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Safety aspects and rational use of a naproxen + esomeprazole combination in the treatment of rheumatoid disease

Authors Roberts D, Miner Jr. P

Published 3 March 2011 Volume 2011:3 Pages 1—8


Review by Single-blind

Peer reviewer comments 3

David N Roberts1, Philip B Miner2
1Department of Internal Medicine, Digestive Diseases Section, University of Oklahoma, 2Oklahoma Foundation for Digestive Research, Oklahoma City, Oklahoma, USA

Abstract: Nonsteroidal anti-inflammatory drugs (NSAIDs) are widely prescribed for reduction of pain and inflammation, particularly in the setting of rheumatologic disorders. While effective, they are associated with risks, including nephrotoxicity, gastrointestinal inflammation, peptic ulcer disease, and worsened cardiovascular outcomes. After development of cyclo-oxygenase 2 inhibitors to minimize gastrointestinal complications, early use revealed increased cardiovascular event rate risk, and retrospective analysis of traditional NSAIDs revealed similar concerns, with the exception of naproxen. PN400 is a fixed-dose combination formulation designed to provide sequential delivery of a nonenteric-coated, immediate-release esomeprazole 20 mg mantle followed by an enteric-coated naproxen 500 mg core. This review summarizes the pharmacokinetics, benefits, safety, and tolerability of PN400. Phase I trials demonstrated pharmacokinetics consistent with its formulation, and at different esomeprazole combination doses, PN400 containing esomeprazole 20 mg was the lowest dose that still resulted in substantial sustained increases of gastric pH > 4. In two Phase III trials (Study 301 and Study 302), PN400 resulted in a significant reduction in gastric ulcers relative to enteric-coated naproxen (4.1% to 23.1% in Study 301, 7.1% to 24.3% in Study 302). Discontinuation due to NSAID-associated upper gastrointestinal adverse events or duodenal ulcers was significantly less in PN400 patients (3.2% to 12%, P < 0.001, in Study 301; 4.8% to 11.9%, P = 0.009, in Study 302). Two subjective patient indices were utilized to assess tolerability, ie, the Severity of Dyspepsia Assessment (SODA) and Overall Treatment Evaluation of Dyspepsia (OTE-DP). Patients with PN400 had significantly better upper gastrointestinal tolerability compared with those treated with enteric-coated naproxen in terms of SODA scores, proportion of heartburn-free patients, and OTE-DP response. While no formal recommendations are available at this time for use of this new combination medication, it will likely become an important treatment option with application for many patients.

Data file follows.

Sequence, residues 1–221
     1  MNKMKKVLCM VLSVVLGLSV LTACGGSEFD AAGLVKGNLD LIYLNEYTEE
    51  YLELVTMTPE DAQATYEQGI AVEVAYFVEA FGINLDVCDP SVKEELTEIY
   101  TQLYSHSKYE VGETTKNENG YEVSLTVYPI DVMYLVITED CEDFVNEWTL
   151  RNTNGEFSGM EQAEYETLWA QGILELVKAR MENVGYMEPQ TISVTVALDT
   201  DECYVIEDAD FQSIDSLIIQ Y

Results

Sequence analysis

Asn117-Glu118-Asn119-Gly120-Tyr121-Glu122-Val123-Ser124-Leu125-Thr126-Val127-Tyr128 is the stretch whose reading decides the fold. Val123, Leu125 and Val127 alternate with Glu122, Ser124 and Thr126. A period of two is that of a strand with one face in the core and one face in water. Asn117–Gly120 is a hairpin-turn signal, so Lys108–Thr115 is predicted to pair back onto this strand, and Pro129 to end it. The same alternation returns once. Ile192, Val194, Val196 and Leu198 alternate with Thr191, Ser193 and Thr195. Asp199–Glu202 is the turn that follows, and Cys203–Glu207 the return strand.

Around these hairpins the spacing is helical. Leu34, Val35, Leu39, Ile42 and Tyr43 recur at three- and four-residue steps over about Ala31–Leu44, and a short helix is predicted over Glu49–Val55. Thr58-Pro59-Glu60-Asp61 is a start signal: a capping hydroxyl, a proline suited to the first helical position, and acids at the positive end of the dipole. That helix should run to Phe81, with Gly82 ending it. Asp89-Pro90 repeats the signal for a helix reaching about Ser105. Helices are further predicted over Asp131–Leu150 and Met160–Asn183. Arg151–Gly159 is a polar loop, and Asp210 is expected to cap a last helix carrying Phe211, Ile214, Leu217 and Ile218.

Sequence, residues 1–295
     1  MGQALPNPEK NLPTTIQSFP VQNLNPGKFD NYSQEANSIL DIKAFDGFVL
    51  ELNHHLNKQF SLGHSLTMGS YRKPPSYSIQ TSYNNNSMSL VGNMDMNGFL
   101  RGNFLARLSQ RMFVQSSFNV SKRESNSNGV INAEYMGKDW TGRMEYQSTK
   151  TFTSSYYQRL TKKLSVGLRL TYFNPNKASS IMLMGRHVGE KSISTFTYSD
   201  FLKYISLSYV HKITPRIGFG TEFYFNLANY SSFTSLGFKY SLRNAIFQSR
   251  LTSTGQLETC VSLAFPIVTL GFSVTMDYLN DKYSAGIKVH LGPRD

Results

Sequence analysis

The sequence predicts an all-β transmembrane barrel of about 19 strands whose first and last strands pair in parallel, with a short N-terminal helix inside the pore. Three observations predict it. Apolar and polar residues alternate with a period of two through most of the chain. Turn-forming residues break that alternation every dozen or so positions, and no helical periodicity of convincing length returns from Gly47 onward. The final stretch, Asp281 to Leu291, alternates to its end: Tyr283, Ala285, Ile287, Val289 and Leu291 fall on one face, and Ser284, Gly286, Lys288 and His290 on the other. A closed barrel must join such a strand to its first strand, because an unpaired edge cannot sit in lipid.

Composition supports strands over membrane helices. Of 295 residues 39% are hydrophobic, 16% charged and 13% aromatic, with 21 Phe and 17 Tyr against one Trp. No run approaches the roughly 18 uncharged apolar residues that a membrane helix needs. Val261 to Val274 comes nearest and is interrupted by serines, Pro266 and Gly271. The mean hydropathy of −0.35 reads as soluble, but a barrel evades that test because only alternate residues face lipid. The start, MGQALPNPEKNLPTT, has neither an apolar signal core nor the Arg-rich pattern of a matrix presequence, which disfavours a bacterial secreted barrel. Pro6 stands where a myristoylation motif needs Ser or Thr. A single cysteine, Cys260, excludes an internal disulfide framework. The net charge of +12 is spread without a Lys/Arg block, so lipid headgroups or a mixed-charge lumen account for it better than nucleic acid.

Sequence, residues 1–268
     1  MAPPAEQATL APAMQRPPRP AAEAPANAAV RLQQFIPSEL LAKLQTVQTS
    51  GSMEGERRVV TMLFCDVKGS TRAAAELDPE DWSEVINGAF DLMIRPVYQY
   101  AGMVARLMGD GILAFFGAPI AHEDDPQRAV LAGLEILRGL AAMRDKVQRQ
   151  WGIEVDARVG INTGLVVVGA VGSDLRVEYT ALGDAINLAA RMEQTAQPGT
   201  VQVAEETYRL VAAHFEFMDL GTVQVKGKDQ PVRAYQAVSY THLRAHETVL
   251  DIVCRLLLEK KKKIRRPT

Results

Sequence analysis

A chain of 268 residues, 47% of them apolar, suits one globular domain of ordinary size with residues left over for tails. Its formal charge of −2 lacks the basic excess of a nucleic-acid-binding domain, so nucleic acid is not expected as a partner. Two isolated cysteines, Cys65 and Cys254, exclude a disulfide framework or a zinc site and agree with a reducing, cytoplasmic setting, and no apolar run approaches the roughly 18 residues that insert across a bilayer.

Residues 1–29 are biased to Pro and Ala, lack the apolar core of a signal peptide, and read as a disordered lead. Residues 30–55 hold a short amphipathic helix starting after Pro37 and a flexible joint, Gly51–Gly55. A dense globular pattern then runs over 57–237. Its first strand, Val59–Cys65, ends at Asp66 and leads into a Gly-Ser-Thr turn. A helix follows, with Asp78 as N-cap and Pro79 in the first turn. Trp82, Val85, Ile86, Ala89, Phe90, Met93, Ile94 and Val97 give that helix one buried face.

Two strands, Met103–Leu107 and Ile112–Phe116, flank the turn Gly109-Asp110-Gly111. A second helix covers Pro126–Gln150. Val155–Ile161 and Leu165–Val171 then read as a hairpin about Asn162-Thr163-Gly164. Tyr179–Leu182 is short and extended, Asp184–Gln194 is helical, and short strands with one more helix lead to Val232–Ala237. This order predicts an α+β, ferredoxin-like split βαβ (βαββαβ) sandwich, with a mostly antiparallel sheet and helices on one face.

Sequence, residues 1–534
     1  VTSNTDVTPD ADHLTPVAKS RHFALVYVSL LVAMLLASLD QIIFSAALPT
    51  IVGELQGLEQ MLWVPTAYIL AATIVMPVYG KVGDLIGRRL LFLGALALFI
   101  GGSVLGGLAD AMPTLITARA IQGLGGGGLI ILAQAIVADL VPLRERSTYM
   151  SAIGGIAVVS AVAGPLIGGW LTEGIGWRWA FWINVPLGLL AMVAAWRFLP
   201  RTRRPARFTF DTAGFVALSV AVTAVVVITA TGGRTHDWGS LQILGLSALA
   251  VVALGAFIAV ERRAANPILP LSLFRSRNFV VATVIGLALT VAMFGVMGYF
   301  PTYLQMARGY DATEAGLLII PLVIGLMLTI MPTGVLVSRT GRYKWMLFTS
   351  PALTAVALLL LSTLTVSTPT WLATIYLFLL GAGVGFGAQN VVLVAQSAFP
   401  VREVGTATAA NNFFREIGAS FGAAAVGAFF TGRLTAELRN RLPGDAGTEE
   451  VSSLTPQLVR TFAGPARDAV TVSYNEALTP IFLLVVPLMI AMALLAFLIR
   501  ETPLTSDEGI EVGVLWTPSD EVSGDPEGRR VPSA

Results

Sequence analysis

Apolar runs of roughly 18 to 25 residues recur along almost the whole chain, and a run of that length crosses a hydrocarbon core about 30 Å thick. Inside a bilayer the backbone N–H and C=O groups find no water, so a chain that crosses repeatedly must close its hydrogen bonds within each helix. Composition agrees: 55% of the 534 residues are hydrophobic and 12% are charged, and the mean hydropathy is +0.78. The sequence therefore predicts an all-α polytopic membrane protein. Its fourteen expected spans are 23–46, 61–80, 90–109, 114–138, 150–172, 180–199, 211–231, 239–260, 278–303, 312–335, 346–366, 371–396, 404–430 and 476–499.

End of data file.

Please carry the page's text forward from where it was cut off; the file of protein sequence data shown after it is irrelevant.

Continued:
Keywords: esomeprazole, naproxen, combination, gastrointestinal tolerability

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